Visible Light Communications has been considered as a communications technology but you will note from my blog post on 18th March that one of my top 10 VLC applications is Location Based Services. This is a topic close to my heart since I was the founder and chairman of mobile location technology company, Trisent, prior to it being sold. Having worked on radio location technology for a number of years I thought it useful to consider the location techniques used in wireless radio and see how well they apply to optical wireless location.
So here are the main radio location techniques and my assessment of how well they are likely to perform in the optical domain.
Cell ID systems broadcast a unique identifier (ID) for that cell. The location of the ID source is stored in a database. When a receiver sees a particular ID, the location for that ID can be read from the database.
Radio: This technique is widely used in cellular systems; however the accuracy can be quite poor – many kilometres in error because of the large cell sizes in many places.
Optical: The Cell ID is identified via VLC transmitting the ID and/or location of the emitter. Very good accuracy of 2-5m is possible due to the small size of the illumination cell.
Received Signal Strength
Received signal strength (RSS) is a measure of the signal power detected at the receiver. The power diminishes with distance from the transmitter and so the distance of the receiver from the transmitter can be calculated.
Radio: The radio signal propagation is dependent on the physical environment and varies dramatically from location to location. Constructive and destructive interference adds further errors to any static RSS measurements. Even by averaging dynamic RSS measurement very large errors occur and so RSS is rarely used in cellular radio location.
Optical: Being mainly line of sight, the RSS quite predictably attenuates according to a square law in free space. The received signal also does not suffer from constructive and destructive interference. So the optical RSS can be used as a relatively accurate distance measurement if the emitter power and beam pattern is known.
Time of Arrival
Time of arrival (TOA) is based on the trilateration. Signals from multiple – say 3 sources are sent at exactly the same known time. The time they are each received is used to calculate the distance they will have propagated in that time (they all travel at the speed of light). If a circle with a radius equal to that distance if plotted for each source, S1, S2 & S3 then the point at which all circles intersect, X, is the location of the receiver. This is 2D trilateration. 3D trilateration can be performed using spheres instead of circles to give both the location and height.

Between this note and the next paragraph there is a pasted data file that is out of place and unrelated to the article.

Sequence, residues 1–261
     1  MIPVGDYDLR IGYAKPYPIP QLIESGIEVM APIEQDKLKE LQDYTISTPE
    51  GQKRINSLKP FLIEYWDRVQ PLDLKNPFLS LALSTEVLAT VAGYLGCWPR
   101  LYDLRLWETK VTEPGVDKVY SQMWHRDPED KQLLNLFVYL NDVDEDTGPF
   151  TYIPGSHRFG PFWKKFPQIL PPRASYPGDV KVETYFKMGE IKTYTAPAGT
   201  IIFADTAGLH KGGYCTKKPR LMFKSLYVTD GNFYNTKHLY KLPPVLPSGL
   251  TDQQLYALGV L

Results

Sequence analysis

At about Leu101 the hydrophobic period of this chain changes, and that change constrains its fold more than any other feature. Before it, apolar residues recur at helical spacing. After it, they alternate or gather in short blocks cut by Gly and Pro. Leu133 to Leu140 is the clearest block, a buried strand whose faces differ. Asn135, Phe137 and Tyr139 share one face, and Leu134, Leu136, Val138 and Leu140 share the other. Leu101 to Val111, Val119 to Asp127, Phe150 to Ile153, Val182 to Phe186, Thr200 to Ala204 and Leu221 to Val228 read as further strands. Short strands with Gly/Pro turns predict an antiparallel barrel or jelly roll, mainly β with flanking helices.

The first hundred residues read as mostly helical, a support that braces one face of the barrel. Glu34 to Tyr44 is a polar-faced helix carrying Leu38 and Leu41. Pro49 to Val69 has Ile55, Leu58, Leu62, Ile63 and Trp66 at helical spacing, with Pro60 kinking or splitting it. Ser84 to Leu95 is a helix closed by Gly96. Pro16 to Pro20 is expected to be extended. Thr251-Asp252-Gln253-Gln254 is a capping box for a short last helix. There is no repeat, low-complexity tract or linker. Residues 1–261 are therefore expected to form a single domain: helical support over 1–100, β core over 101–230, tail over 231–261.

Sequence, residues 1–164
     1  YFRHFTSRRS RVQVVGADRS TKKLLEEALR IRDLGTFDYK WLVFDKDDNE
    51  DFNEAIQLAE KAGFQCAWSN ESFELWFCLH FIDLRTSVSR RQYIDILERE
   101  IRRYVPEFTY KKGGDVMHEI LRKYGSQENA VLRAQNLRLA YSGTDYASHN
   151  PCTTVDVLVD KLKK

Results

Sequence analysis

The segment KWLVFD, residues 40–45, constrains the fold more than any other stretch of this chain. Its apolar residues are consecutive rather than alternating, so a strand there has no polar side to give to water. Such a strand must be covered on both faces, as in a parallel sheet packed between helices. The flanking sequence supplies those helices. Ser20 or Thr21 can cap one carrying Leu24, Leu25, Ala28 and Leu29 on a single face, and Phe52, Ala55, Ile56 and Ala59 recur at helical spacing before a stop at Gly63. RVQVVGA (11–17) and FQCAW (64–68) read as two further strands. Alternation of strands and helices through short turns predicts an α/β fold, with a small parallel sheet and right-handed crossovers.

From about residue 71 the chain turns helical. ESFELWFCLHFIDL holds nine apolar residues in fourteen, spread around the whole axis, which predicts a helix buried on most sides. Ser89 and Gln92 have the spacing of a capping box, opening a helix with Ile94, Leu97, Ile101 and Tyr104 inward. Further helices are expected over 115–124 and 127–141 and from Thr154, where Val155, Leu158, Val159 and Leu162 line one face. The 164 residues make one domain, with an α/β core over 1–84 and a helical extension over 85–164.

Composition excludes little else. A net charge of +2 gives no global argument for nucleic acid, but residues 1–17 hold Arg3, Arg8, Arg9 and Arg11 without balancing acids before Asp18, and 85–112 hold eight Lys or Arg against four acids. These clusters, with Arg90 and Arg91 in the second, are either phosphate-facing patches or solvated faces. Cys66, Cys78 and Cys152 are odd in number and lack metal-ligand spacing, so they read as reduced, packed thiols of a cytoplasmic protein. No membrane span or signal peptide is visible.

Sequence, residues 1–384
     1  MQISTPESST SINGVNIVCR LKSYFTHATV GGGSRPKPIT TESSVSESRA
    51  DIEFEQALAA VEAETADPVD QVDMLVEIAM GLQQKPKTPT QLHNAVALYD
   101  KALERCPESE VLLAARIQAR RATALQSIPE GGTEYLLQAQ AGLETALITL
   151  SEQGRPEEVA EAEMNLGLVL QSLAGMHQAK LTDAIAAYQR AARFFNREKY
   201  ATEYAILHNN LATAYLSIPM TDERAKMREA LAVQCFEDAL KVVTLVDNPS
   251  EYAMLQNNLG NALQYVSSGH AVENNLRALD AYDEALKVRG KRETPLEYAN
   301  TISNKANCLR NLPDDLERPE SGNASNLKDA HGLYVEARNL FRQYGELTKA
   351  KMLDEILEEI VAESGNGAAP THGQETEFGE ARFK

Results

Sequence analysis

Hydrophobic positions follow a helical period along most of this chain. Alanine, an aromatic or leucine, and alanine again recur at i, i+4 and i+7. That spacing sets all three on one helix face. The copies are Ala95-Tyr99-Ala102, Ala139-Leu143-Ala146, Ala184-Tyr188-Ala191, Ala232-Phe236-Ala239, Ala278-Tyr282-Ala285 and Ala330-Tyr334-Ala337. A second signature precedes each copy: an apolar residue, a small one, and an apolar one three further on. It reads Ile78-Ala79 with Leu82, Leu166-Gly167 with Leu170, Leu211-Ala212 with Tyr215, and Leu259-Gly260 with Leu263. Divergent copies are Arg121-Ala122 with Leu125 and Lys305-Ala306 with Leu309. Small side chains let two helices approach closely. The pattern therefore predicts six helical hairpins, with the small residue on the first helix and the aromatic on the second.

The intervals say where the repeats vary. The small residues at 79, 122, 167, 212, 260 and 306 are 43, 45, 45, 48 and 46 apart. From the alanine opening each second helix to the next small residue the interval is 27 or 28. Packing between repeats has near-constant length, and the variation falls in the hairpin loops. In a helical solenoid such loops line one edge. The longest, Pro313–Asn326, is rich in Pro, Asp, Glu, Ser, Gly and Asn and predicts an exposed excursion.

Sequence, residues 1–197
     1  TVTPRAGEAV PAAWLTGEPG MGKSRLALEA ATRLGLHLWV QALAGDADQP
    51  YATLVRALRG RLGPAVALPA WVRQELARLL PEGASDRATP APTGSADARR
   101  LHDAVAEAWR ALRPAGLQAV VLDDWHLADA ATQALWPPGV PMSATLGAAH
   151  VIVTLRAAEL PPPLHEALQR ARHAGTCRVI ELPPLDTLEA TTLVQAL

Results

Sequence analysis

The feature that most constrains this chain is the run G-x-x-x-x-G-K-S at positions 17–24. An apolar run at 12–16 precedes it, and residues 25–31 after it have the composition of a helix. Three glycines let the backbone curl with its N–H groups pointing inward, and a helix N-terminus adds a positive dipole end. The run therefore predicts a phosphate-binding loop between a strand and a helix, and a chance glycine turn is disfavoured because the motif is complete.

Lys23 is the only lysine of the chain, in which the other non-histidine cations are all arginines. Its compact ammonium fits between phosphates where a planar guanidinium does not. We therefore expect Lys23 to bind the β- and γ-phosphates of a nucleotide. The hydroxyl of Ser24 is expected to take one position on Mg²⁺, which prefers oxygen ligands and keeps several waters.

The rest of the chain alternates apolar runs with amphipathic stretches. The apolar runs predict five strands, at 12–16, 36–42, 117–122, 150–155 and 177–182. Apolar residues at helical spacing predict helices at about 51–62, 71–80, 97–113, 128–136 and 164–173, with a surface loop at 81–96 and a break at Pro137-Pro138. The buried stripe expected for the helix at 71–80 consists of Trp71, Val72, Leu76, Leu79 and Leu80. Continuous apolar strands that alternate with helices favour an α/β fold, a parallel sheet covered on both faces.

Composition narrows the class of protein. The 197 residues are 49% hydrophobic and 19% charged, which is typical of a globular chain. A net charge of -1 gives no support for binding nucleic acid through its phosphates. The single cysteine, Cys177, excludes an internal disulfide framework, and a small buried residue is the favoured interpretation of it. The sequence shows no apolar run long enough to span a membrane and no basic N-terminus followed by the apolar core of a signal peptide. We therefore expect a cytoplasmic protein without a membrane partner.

Radio: TOA with 3D trilateration is the method used for GPS. It leads to high accuracy results if the transmitters are accurately synchronised and the receiver has a good clock.
Optical: TOA is equally difficult to implement in the optical domain since the synchronisation and accuracy issues remain.
Time Difference of Arrival
Time difference of arrival or TDOA differs from TOA in one important respect, the receiver clock does not need to be as accurate since it is the time difference between the signals from different sources which is important and not the absolute time of arrival. Accurate synchronisation of the signal sources is still required. Techniques called multilateration are used to solve a series of simultaneous equations to calculate the receiver position.
Radio: TDOA has been used in cellular systems with limited success due to the difficulty and expense of synchronising the base stations.
Optical: It is easy to synchronise emitters if they are in close proximity to each other since that can share the same clock. This is often the case for LED lighting applications. Imagine an array of LEDs in a luminaire or clusters of LEDs in a cars tail lights, these can be physically connected and synchronised.
Angle of Arrival
Angle of arrival (AoA) is widely used for location finding using triangulation. If you take your bearing to one know position (e.g. Mountain A) and do the same for another, Mountain B. The projection of the measured bearing from each mountain will intersect at your location.
Radio: It is difficult to measure the angle of arrival of a radio signal. Antenna arrays can be used for this purpose but they are expensive to implement. Aircraft navigation used this principal in reverse. A VOR system transmits different identifiable signals at different angles so the receiver knows the bearing relative to the transmitter of the received signal.
Optical: It is relatively simple to detect the angle of arrival of an optical signal. If two light sources A and B come from different locations (so from a different angle), their positions will be projected onto different positions A’ and B’ of an imaging sensor. This enables the angle from the sensor to the source to be calculate and then triangulation can be applied to find the actual location.
When I worked on mobile location technology at Trisent we adopted a hybrid approach in order to improve location accuracy and remove ambiguities. I believe the same approach would work well in the optical domain. In particular Cell-ID and RSS techniques are simple to apply but combined with angle-of-arrival if more than one cell (lamp) can be seen by a sensor array would lead to a highly accurate positioning system – more accurate than GPS and it would work indoors.
Locating and positioning is a great application for VLC. High accuracy positioning indoors would be extremely useful, but you would need a device with an imaging sensor and some processing. But hey, don’t you already have a smart phone with a camera and a processor? Okay it would need to be adapted a little for a higher frame rate, but essentially you have all of the hardware there already.
VLC for accurate indoor positioning on your smart phone. You heard it here first!